How should you respond to road rage?
f you encounter a driver that is driving aggressively or has become angered by an incident on the road, before you become as reckless as they are in retaliation, consider doing these things first:
- Know your limits – If you see another driver is acting in an aggressive manner that you may feel could set you off, you should pull over to the side of the road. You may want to have a passenger take over driving. Accidents with injuries or even death are more common when road rage incidents are escalated.
- Try to calm yourself down – Road rage is common because people try to make their car do the talking for them. Typically, drivers want to let people know they are in a hurry, frustrated or angered by something. You do not need to talk back. Turn on the radio with calming music or veer off the main road and take the long way to your destination.
- Show understanding – The other driver may be mad because of a mistake you made on the road. Instead of getting emotional yourself because they overreacted, try to understand their anger and do your best to let it go and not take it personally.
Road rage may not be coming from someone else, if you are the one engaging in aggressive driving, you should also try to follow the tips listed above. Having to deal with a lifelong injury or a fatality from a road rage accident will most likely in retrospect, not be something you feel was worth it.
At your job in New Jersey, you probably learned about the risks that are an inherent part of your responsibilities when you went through the hiring process. Your employer may have provided training designed to help you learn about how to use specific equipment or machinery safely, as well as how to mitigate certain risks to protect your safety and wellbeing at work.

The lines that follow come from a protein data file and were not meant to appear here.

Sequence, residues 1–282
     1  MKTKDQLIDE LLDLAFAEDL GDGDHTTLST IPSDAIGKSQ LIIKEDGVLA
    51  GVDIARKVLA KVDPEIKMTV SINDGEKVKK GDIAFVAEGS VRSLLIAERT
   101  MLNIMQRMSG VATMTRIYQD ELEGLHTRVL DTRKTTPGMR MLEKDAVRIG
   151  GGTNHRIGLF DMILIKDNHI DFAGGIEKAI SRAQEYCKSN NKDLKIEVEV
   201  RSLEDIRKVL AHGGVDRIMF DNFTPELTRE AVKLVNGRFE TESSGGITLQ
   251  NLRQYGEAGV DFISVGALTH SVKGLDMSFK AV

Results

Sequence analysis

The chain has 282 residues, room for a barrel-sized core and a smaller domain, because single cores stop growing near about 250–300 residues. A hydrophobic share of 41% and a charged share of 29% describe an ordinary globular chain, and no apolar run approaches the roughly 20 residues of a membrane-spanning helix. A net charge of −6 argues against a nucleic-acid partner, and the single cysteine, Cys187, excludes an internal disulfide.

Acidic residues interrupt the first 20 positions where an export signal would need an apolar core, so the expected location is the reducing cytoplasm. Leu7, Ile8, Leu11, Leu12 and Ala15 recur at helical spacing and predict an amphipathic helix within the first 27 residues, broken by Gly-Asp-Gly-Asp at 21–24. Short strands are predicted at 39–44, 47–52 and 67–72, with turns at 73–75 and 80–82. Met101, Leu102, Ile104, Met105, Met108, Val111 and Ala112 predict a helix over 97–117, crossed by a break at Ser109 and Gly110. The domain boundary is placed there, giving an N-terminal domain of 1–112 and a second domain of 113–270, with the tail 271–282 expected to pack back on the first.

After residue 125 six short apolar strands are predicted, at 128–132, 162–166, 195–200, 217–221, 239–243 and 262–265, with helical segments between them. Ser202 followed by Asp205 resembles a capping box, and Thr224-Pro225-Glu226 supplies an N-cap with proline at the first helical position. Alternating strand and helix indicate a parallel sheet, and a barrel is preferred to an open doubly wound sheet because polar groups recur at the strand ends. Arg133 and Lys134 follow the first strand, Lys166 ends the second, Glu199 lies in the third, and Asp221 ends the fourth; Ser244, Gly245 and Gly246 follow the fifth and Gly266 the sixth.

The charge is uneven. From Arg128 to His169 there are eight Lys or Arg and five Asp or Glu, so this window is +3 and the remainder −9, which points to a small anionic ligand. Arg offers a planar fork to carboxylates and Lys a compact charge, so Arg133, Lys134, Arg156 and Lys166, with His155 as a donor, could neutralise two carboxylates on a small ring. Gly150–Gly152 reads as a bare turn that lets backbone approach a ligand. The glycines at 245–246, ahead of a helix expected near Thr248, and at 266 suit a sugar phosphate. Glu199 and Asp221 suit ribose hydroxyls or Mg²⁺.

Something else that your employer may use is a technique called Prevention through Design. According to the Centers for Disease Control and Prevention, this method of creating processes at work encourages your employer to prevent risks by working them out before a process is put into use by you and your cohorts. Anything from facilities to machinery that you can tangibly touch to how a process is created and organized should be thoughtfully analyzed to eliminate any danger. In some cases, this may require your employer to redesign or modify certain things to meet adequate standards to protect you and the other workers who use whatever is being analyzed.
When your employer implements active efforts that are regularly assessed for effectiveness, they can enhance the space that you work in to increase productivity without sacrificing your safety. You should also be familiar with protocols for reporting dangers as soon as they are recognized so your employer can address a solution right away. If you are injured at work, it is imperative that you carefully document a timeline of what happened to increase your chances of a successful outcome when you petition for workers’ compensation.
The information in this article is intended for educational purposes only and should not be taken as legal advice.